10/29/2014 11:51 am ET Updated Dec 29, 2014

Ebola in Africa, Fears in the US: Let's Get Hard on Issues, Soft on People

MARK RALSTON via Getty Images

Three members of my family are living and working in Africa right now, and I am telling you that the current American obsession with isolation tents, protective gear, and quarantines is making me feel very strange.

My folks are not in "Ebola countries" (two are in Ivory Coast, one in Rwanda) and they are not treating viral fevers (two promote economic stability, one trains local surgeons). But they, like thousands of other expats and service members, are there because they care deeply about people and peace, and they believe that hands and hearts working together across global boundaries can make the world a better place for all of us. They do what they do at some personal risk and family sacrifice.

It's not the virus that's spreading rapidly in West Africa that makes me anxious about my family's health and safety. It's the fear that's spreading rapidly across America, which threatens to recast global humanitarians as risks, rather than assets. Suddenly they're people to be feared, rather than valued. Where is the "thank you for your service" that some (like me) might say is more appropriate?

I am aware of irony in my statement. I can't speak for other activists who took a stand against the War in Vietnam so many years ago. But, I, myself, remember very clearly feeling the near-impossible imperative of holding two deep and seemingly contradictory positions at the same time: opposition to a war I believed was wrong and appreciation for the individuals in uniform who were making a huge sacrifice for what they believed to be right. It's so very difficult to be "both / and," that popular opinion forcefully defined (and continue to define) us as being squarely in one camp or the other. Today, as those on both sides of that old debate continue to work for causes about which we are passionate, we remind ourselves, "Be hard on issues, but soft on people."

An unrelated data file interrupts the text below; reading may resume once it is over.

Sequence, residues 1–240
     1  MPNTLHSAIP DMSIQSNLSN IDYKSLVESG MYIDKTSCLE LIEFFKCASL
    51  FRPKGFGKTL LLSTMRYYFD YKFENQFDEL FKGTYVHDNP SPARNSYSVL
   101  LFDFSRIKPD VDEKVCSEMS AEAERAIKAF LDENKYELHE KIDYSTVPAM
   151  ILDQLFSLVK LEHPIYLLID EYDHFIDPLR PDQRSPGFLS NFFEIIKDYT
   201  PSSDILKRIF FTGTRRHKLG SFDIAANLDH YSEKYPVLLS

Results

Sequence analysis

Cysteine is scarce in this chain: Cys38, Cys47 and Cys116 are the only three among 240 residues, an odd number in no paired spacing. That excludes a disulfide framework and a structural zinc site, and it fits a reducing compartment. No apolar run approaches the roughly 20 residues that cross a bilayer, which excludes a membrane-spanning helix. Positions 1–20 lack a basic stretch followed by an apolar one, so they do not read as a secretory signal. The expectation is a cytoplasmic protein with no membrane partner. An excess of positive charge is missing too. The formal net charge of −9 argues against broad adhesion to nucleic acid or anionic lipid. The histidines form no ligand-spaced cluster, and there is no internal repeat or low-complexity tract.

It was heartening to hear voices rise up in various media outlets this past weekend, challenging our narrowing fixation on trying to protect ourselves from our very own heroes in the battle against Ebola. It was especially uplifting to see that the African NGO Let Girls Lead has launched a public campaign, "I am a Liberian, not a virus." I hope there will be more.

But these voices are not yet strong enough to override the louder ones -- those of the pundits and policymakers who seem driven by their own fears and what they perceive to be the fears of their constituents. They promote an either / or position. Either we clamp down on everyone who may have been exposed to Ebola or the country will be overrun with virus.

This is America -- a country with some of the finest researchers and health facilities in the world. Surely, we can (and will) find and implement sensible protective measures to ensure the health and safety of the American people. But in doing so we need not punish our own citizens who are in Africa acting in our best interests to stop the devastation at the place where it is running amok.

This is truly a hard-on-issues, soft-on-people moment. I'm in favor of a broad and heart-felt grass roots movement that says "thank you for your service." What do you say? We can hate the virus and love the people who are fighting it at the same time. Maybe if we lead, the policymakers will feel that they can follow.